Fear appeals motivate acceptance of recommendations: evidence for a positive bias in the processing of persuasive messages

E. Das, J.B.F. de Wit, W. Stroebe

Research output: Contribution to JournalArticleAcademicpeer-review

194 Downloads (Pure)

Abstract

Three experiments are reported that tested the hypothesis that the use of fear appeals in health persuasion may lead to positively biased systematic processing of a subsequent action recommendation aimed at reducing the health threat and, consequently, to more persuasion, regardless of the quality of the arguments in the recommendation. The levels of participants' vulnerability to as well as the seventy of a health risk were varied independently, followed by a manipulation of the quality of the arguments in the subsequent action recommendation. The dependent variables included measures of persuasion (attitude, intention, and action), negative affect, and cognitive responses. The results show that participants who felt vulnerable to the health threat were more persuaded, experienced more negative emotions, and had more favorable cognitive responses. Both negative emotions concerning one's vulnerability and positive thoughts concerning the recommendation mediated the effects of vulnerability on persuasion. © 2003 by the Society for Personality and Social Psychology, Inc.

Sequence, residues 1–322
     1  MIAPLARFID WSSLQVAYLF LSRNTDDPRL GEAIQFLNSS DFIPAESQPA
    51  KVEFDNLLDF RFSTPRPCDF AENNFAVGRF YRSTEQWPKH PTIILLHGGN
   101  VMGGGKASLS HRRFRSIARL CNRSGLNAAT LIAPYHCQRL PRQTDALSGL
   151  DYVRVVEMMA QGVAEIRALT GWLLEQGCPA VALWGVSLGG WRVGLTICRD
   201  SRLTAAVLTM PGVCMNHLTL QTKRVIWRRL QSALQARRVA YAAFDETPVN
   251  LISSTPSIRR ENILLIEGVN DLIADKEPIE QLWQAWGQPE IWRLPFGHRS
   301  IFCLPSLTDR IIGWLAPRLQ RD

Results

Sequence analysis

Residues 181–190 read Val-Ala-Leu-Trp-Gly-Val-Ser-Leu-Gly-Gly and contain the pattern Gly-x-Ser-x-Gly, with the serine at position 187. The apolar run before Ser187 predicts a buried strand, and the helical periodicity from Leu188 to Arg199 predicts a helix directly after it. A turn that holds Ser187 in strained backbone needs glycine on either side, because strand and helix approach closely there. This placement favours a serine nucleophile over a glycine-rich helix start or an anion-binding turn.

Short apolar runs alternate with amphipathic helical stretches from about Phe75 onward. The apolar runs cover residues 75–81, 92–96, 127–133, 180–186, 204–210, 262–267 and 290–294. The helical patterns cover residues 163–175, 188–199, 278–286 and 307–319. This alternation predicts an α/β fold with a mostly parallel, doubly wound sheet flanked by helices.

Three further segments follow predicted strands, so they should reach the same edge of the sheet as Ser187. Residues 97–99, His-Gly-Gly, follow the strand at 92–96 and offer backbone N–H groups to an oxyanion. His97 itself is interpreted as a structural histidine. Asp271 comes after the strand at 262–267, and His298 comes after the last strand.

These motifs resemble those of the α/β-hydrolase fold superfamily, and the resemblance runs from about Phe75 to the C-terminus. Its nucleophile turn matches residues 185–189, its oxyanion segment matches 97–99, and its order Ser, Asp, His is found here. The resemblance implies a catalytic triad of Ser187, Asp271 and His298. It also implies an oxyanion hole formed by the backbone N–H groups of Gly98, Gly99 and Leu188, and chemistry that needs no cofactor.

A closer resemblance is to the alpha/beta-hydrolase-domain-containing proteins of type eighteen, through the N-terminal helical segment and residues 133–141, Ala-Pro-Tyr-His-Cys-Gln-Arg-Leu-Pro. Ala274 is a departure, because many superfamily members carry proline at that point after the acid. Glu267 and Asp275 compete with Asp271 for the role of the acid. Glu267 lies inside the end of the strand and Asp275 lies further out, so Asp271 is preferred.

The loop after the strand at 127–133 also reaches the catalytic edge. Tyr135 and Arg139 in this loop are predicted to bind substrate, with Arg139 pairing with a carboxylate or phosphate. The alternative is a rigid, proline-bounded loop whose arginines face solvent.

Original languageEnglish
Pages (from-to)650-664
Number of pages15
JournalPersonality and Social Psychology Bulletin
Volume29
Issue number5
DOIs
Publication statusPublished - 2003

Fingerprint Dive into the research topics of 'Fear appeals motivate acceptance of recommendations: evidence for a positive bias in the processing of persuasive messages'. Together they form a unique fingerprint.

Cite this